- 352 pages.
- Conspiracy Theories and the Failure of Intellectual Critique
- $90.00 U.S.
Conspiracy Theories and the Failure of Intellectual Critique argues that conspiracy theories, including those that conflict with official accounts and suggest that prominent people in Western democracies have engaged in appalling behavior, should be taken seriously and judged on their merits and problems on a case-by-case basis. It builds on the philosophical work on this topic that has developed over the past quarter century, challenging some of it, but affirming the emerging consensus: each conspiracy theory ought to be judged on its particular merits and faults.The philosophical consensus contrasts starkly with what one finds in the social science literature. Kurtis Hagen argues that significant aspects of that literature, especially the psychological study of conspiracy theorists, has turned out to be flawed and misleading. Those flaws are not randomly directed; rather, they consistently serve to disparage conspiracy theorists unfairly. This suggests that there may be a bias against conspiracy theorists in the academy, skewing “scientific” results. Conspiracy Theories and the Failure of Intellectual Critique argues that social scientists who study conspiracy theories and/or conspiracy theorists would do well to better absorb the implications of the philosophical literature.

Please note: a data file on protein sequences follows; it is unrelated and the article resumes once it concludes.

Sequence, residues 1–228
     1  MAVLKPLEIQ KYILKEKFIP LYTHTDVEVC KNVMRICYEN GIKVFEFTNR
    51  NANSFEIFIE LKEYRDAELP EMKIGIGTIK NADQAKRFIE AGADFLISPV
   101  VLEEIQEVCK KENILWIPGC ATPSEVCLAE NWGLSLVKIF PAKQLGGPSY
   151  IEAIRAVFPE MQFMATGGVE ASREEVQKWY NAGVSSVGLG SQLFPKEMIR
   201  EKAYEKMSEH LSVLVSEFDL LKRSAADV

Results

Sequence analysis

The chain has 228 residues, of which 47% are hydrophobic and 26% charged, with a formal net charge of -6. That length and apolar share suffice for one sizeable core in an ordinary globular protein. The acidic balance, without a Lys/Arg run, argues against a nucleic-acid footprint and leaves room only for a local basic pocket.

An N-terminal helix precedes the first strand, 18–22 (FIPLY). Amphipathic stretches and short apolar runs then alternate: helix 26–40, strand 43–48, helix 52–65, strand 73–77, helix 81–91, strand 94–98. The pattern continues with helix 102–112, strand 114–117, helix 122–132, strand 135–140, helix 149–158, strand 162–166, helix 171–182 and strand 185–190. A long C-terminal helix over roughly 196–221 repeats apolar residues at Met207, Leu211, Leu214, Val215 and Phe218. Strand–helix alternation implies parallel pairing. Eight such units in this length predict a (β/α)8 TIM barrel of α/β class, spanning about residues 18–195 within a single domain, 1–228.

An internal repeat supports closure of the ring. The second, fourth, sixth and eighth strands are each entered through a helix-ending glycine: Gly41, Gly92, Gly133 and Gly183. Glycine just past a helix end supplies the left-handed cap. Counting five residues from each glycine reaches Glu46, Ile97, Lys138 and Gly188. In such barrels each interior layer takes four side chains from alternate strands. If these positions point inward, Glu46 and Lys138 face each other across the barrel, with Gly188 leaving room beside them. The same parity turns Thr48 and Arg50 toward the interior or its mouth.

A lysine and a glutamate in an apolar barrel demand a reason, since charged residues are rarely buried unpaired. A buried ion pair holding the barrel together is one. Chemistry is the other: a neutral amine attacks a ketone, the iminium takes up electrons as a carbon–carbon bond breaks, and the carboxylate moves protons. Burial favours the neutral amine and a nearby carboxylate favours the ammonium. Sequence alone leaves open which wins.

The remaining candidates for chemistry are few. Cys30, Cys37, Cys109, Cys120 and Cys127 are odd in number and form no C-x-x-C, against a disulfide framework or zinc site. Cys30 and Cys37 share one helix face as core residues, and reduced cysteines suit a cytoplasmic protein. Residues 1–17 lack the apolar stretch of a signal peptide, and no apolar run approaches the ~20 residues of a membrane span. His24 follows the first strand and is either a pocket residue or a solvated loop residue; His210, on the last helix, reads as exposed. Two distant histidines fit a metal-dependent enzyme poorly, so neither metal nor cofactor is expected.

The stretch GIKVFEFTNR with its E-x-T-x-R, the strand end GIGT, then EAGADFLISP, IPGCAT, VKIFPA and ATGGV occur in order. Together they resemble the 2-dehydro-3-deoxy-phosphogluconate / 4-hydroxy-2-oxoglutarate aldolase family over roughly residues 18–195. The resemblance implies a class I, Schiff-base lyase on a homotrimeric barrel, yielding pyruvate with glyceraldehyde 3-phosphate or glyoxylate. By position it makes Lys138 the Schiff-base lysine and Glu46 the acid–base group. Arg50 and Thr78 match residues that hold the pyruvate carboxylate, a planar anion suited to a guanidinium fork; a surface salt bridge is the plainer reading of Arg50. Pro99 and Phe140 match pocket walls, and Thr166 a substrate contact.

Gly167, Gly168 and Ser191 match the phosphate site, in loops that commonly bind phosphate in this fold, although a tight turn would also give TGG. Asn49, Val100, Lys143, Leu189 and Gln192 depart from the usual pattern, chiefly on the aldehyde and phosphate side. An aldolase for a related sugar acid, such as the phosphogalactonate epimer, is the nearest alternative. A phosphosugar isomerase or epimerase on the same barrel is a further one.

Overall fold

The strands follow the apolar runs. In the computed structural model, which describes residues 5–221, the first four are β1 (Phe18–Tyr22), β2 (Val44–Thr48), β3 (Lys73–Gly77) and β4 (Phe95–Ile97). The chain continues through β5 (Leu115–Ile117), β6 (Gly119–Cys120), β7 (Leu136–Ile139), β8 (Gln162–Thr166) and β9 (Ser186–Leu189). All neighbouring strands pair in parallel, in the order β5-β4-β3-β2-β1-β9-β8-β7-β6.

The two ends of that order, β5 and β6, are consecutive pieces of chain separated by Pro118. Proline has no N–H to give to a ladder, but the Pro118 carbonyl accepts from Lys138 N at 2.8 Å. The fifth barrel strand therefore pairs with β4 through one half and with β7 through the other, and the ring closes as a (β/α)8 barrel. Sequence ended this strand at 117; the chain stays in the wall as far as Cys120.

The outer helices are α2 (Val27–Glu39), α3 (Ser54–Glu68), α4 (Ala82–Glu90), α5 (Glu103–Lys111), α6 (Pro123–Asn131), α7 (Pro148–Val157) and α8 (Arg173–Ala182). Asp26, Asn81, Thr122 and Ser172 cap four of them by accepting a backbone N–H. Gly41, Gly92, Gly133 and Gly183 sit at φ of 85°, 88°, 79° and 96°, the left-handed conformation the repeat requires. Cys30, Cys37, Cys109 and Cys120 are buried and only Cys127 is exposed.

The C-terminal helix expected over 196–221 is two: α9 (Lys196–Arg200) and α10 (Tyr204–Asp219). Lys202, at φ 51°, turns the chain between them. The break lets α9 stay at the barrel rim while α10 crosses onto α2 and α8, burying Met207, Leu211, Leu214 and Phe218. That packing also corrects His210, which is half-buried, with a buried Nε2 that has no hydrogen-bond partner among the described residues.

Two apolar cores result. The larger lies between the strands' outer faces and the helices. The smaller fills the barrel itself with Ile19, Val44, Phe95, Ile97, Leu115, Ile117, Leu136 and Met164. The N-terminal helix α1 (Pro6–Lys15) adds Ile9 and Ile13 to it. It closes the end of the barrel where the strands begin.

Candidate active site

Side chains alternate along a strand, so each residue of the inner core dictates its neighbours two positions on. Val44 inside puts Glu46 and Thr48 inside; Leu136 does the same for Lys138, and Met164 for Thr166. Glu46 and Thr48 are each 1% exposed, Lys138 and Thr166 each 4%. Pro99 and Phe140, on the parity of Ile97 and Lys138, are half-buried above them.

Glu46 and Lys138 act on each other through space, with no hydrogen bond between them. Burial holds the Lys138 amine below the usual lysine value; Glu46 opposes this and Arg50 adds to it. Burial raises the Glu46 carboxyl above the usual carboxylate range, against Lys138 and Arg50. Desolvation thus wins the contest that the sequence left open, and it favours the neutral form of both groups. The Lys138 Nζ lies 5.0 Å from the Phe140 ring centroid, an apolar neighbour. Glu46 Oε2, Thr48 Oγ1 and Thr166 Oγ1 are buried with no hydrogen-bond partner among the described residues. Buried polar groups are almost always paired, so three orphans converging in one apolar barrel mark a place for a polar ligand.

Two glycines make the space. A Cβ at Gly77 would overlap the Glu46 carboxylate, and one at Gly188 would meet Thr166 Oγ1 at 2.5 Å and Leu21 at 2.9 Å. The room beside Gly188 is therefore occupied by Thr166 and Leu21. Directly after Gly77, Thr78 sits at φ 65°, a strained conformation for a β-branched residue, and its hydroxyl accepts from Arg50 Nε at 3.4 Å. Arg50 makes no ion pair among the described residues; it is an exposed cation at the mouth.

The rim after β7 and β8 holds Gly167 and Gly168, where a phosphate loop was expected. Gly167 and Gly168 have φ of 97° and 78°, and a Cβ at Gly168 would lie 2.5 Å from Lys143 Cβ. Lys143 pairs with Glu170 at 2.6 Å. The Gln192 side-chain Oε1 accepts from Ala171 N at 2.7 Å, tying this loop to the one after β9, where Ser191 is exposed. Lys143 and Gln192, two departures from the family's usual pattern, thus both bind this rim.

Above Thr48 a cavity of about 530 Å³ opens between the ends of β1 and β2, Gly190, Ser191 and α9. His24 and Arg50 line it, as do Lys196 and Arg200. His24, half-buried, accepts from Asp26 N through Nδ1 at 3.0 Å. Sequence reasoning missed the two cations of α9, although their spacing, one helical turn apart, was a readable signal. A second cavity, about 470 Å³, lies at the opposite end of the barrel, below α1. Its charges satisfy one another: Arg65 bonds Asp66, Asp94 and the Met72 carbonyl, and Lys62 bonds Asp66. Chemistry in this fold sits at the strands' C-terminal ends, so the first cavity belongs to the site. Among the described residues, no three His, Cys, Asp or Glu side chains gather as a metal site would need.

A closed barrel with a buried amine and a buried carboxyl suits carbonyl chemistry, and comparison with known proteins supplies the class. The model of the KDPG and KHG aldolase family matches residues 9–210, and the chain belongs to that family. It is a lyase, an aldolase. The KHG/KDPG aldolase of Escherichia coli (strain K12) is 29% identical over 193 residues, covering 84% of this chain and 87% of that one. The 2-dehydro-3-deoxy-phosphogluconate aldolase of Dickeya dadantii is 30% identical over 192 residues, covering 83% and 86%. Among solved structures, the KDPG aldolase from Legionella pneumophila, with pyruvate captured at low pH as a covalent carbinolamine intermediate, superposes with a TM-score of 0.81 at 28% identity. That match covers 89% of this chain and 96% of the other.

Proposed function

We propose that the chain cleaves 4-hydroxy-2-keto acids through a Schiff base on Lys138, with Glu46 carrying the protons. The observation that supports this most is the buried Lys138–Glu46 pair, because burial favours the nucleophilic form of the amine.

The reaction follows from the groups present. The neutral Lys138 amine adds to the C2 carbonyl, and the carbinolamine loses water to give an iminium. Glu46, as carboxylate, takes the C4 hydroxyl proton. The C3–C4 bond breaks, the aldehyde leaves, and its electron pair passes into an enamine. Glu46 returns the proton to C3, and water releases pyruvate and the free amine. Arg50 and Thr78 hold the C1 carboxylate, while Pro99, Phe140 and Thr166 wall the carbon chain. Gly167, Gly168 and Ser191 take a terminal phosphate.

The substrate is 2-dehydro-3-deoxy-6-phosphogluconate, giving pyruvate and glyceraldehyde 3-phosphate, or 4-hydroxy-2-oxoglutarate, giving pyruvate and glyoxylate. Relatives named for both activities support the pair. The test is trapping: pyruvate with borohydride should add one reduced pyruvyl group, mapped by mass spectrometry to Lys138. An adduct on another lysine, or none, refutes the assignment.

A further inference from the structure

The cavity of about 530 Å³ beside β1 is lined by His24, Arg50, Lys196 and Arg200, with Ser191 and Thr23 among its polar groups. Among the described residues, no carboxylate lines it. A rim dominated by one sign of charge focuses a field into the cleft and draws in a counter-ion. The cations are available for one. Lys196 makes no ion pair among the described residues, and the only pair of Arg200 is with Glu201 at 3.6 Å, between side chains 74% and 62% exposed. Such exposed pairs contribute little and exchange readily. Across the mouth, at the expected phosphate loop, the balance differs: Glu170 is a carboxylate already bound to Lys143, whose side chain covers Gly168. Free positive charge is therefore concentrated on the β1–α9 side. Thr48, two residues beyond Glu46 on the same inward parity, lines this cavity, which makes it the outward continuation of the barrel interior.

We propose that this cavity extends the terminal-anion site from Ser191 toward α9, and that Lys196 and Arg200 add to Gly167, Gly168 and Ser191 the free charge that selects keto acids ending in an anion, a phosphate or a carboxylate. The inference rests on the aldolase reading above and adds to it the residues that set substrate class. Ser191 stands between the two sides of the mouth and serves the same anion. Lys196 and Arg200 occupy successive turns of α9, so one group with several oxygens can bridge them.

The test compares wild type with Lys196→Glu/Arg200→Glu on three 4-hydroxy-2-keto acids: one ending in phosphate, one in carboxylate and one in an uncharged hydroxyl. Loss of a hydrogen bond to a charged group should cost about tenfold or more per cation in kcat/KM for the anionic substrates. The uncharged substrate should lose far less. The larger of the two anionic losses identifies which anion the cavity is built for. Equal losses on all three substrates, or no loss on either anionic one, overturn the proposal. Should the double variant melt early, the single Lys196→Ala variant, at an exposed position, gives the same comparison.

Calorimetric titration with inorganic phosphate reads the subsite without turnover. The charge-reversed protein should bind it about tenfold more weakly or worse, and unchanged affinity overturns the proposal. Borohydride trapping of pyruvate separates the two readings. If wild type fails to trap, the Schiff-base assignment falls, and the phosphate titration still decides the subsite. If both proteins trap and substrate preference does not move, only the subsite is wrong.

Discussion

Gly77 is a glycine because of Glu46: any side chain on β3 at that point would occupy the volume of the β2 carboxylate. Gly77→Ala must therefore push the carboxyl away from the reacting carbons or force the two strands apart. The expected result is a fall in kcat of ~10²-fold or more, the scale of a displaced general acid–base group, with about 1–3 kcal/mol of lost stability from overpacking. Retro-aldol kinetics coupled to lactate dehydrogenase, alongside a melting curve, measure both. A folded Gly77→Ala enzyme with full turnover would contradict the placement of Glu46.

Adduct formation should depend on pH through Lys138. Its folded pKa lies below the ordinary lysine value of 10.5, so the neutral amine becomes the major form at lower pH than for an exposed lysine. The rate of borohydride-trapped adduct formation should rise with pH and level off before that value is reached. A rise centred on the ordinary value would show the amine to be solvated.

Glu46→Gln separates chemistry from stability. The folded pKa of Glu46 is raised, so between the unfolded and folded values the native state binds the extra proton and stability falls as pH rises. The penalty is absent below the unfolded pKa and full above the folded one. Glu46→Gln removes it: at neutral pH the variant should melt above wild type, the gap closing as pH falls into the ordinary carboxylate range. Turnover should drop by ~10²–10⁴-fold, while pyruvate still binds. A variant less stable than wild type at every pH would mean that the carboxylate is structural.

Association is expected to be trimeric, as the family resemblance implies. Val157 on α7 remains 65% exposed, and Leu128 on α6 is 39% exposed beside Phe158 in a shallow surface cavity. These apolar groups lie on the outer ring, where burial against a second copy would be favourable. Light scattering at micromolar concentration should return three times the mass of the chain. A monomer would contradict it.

“Hagen has made an important contribution to philosophy. He will change the way you think about conspiracy theories.”—David Coady, University of Tasmania
“Hagen undercuts the view that sophisticated thinkers avoid conspiracy theories and that taking them seriously indicates a cognitive problem. Combining philosophical rigour with political alertness, he shows how assessing hypotheses about powerful people conspiring is rational and prudent, whereas indiscriminately disparaging conspiracy theories risks stifling critical reasoning and pathologizing dissent.”
—Tim Hayward, University of Edinburgh
“This is a brilliant and sophisticated work in the philosophy of conspiracy theory and puts the rest of us to the question by its thesis that any reflexive dismissal of conspiracy theories is both unwarranted and ethically troubling. One needn’t agree with its author in all particulars to assert that we who write in the area have a very great deal to learn from Conspiracy Theories and the Failure of Intellectual Critique.”—Chris Fleming, Western Sydney University